Queendom.com - the land of tests tests quizzes polls advice articles blog
My ProfileMy Profile


    Forgot Password?...

  New? Register here...
  My Profile tour...
spacer
Editor Pick

Franchisee Aptitude Test

Wondering how to become franchisee? Buying franchise? If you have entrepreneurial spirit, franchise opportunities abound; you just need to find the right fit. Take the Franchisee ...
take this test...
spacer
Related Tests
Tests
Locus Of Control & Attributional Style Test
Self-Control & Self-Monitoring Test
Big Five Personality Test
Sensuality Test
Zodiac Signs Personality Test

Articles show

Polls show
spacer
Quick Poll
What is the one aspect of your life you wish you could change/improve more than anything else?
My finances

My physical appearance

My job

My love life

My relationship with family/friends

My level of education/knowledge

My psychological health

I wouldn't change a thing!



spacer
July 24, 2014 - Welcome Guest!

Advice » Personality

submit your question
Rebelling against myself
Question:

I am an intelligent, relatively well-adjusted person. I have always pressured myself to succeed, probably because I got a taste of success early (I was a very good student - awards, etc.) and liked it. I was on a fast career track after college, but inside, I was dying. I felt like the 9 to 5 routine was stifling me and I also struggled with insomnia. Now, my dream of quitting my job has come true. My husband makes enough money for me to be unemployed and I want to start a family this year. Sounds great right?

Well, I have many plans and ideas, lists and time management tools. I am a firm believer in de-cluttering and organizing. For example, I sometimes find it difficult to make an area tidy if I feel that I can't put things "where they belong." Anyway, with all these tools and planning, you'd think I would be living my dream, but I'm not! I keep sabotaging myself. I constantly rebel against almost every task I set for myself. I can't even make myself go to bed! I feel ridiculous and ashamed. Why on earth would I drag my feet on something I truly want? I feel like I have two halves of myself warring against each other. The rebellious half does not feel like me. The lazy half disgusts me, but I feel powerless against it. Interestingly enough though, when the stakes are high enough, like my efforts will be scrutinized by others or I must meet a deadline, I can be totally efficient. I'm so disappointed that my own personal goals do not carry the same motivation even though I want them very much. Can you help me?

Answer:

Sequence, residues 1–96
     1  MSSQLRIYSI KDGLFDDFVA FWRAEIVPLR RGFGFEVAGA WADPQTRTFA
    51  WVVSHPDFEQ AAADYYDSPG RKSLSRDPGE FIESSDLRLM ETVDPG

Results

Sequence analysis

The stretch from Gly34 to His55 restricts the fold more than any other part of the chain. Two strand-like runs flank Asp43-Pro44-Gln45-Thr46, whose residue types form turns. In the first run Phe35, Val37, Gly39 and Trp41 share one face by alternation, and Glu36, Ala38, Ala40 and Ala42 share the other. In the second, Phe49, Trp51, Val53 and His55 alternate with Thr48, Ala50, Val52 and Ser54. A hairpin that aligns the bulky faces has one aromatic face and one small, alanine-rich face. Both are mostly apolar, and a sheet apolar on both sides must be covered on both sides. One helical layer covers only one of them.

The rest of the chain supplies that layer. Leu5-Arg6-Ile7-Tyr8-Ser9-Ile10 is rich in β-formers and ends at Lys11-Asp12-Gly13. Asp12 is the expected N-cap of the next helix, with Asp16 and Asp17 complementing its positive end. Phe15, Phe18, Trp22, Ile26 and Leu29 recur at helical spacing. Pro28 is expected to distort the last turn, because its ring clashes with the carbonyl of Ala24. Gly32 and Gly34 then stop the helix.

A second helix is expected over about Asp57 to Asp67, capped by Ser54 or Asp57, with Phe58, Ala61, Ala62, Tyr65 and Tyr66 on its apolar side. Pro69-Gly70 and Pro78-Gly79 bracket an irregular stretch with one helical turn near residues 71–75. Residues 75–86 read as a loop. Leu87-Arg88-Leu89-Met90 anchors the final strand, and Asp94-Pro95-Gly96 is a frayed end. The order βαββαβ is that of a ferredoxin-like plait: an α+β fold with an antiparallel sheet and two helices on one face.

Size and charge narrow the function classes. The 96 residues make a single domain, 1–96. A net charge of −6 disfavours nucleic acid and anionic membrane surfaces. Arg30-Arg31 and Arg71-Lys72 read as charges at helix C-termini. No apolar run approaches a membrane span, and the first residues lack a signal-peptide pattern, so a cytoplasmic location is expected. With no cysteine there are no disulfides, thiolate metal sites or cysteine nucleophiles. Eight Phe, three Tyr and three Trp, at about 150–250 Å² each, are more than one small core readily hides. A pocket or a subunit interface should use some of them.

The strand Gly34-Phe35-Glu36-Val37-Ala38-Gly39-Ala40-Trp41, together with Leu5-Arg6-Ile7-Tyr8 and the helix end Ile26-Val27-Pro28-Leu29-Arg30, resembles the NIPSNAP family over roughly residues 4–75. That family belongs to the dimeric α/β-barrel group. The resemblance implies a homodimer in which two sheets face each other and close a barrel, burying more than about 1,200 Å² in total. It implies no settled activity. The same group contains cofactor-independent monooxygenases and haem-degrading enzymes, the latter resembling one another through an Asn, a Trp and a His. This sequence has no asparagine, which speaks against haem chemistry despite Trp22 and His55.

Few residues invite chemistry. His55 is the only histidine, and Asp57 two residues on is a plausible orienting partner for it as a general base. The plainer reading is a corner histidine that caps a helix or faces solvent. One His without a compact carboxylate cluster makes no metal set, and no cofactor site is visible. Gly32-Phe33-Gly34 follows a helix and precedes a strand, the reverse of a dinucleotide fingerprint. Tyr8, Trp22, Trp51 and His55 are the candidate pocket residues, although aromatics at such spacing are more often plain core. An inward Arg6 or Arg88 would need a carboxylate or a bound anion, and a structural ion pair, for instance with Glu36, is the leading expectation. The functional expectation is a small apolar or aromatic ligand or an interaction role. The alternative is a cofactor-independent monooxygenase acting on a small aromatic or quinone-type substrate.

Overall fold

It is certainly harder to motivate yourself when you don't have a supervisor or manager to whom you are accountable. It takes time to go from that work environment to an independent one without some bumps along the way. Don't be too hard on yourself because that can become part of the cycle of self-sabotage. Rather than thinking about goals, plans, etc. think about the results you want and then begin to prioritize you activities around that. At the beginning of the day identify those things you need to do in terms of what's most important, what's next, etc. in order to achieve the results you want. Begin to do those things. What you get done you have accomplished while those things you didn't get done then become higher priority for the next day. Sometimes we have the end result so clearly in mind that we have difficulties seeing how our day-to-day activities are moving us toward it. But if we are going to eat an elephant we cannot eat it all at once, we can eat it only one bite at a time.

You may in fact be living your dream. You may just not be living it all the time. Since you don't have a supervisor right now, perhaps you need someone to whom you are accountable to such as your spouse, a coach, a friend, or someone who you can arrange your relationship is such a way that you are reporting to them, they are expecting some progress on your part, and someone you can make commitments to with respect to how much progress you will be making each week.

Thomas H Schear

This question was answered by Thomas H Schear. Dr. Schear has over 20 years experience as a front line counselor, clinical supervisor, program director and college instructor. Currently he provides online and telephone counseling service as well as home-study and online course for the helping professional from his website.

For more information visit the site or compact information page on QueenDom.

follow
share
 
 
GoodTherapy.org Therapist Directory